That stung your ears and fed your fears.
For the final ride you were all alone,
You knew at last you would not see home.
The wagon reached the triple tree,
At Tyburn where the gallows rise.
The seats are filled though none were free,
All pay when a doomed man dies.
And from the hills the shades looked down,
With them the Maid and Thomas More,
Martyrs, scapegoats and many more,
Who drain this drink for strange renown.
They stand you up and set the noose,
You have no words to spare them,
The whip is cracked and horse is loose,
It flees the sin and mayhem.
You are too light to break your twig,
So you swing your legs about,
The children prance and do a jig,
The adults sneer and shout.
When at last your dance is done,
Your face is black and still,
It is a race we all must run,
May our end be not so ill.
Jack Ketch laid you out upon the ground,
And stripped your body bare,
Your noose and clothes worth half a pound,
To those who know no prayer.
The surgeons came to take you then,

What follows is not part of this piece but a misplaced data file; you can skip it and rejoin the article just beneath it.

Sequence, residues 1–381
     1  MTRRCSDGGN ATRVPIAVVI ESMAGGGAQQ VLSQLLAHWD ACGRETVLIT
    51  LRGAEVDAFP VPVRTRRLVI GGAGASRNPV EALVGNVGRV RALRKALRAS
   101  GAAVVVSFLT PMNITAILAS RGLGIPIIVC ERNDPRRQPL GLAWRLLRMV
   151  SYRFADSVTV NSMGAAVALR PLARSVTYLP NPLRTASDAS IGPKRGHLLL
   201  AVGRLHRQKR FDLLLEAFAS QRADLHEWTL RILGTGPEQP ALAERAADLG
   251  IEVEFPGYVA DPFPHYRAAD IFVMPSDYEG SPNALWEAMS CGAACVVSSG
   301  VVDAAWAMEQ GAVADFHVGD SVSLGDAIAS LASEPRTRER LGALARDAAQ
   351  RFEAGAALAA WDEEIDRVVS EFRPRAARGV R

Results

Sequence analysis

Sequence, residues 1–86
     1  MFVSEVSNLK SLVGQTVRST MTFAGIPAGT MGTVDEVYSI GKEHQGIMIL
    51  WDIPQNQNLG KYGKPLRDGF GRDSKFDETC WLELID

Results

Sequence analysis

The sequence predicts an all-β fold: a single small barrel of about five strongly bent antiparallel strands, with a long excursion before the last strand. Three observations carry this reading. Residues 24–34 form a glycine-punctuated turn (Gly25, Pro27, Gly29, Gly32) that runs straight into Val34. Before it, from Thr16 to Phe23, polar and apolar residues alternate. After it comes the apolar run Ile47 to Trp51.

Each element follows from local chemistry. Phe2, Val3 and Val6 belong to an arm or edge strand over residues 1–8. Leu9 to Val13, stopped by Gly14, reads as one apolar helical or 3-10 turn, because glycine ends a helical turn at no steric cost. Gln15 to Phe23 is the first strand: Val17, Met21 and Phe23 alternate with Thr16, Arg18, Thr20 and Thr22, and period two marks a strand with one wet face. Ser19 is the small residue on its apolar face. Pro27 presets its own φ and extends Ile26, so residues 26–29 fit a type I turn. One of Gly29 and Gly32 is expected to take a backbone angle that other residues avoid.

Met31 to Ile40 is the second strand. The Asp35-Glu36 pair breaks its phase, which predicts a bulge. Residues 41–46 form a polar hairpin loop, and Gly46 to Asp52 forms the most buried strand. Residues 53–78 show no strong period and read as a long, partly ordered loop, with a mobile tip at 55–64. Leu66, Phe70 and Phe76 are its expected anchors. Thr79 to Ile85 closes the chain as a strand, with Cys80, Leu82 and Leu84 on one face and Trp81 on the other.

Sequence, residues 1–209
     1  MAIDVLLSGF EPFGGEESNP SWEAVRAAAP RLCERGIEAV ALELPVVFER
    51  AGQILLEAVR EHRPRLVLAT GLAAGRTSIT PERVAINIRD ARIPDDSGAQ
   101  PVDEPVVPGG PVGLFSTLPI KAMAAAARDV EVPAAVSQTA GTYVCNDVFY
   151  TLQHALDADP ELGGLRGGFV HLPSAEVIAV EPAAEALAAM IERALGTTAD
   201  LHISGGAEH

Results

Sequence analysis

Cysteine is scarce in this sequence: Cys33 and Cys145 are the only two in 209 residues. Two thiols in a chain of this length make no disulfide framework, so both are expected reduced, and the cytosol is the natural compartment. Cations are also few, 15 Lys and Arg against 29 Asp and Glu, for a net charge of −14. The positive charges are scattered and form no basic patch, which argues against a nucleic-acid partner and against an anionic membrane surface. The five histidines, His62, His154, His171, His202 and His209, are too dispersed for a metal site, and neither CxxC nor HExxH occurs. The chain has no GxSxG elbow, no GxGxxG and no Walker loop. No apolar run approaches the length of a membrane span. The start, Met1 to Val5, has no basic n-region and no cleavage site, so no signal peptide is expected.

But the final sale was broken.
The mob surged forward in revenge,
To claim a meager token.
Hands and knives went to work,
And tore your form asunder.
Your heard came free with a jerk,
Your heart was someone’s plunder.
This reddened patch of ugly ground,
With bloody bits spread all around,
Was Robert Hubert’s only grave,
Made by those whom sin make brave.
And far away a dream is broken
By knocking hands, a father woken,
Hears the words that drowns his joy:
“The English hanged your boy.”
Robert Hubert (those are silent “t”s in French) was a French Protestant who was made the scapegoat for the Great Fire of London in 1666. Little is known of him, or why spent much of his adult life in England and Sweden. He most likely was not a watchmaker, despite what Wikipedia might say, though his family included many.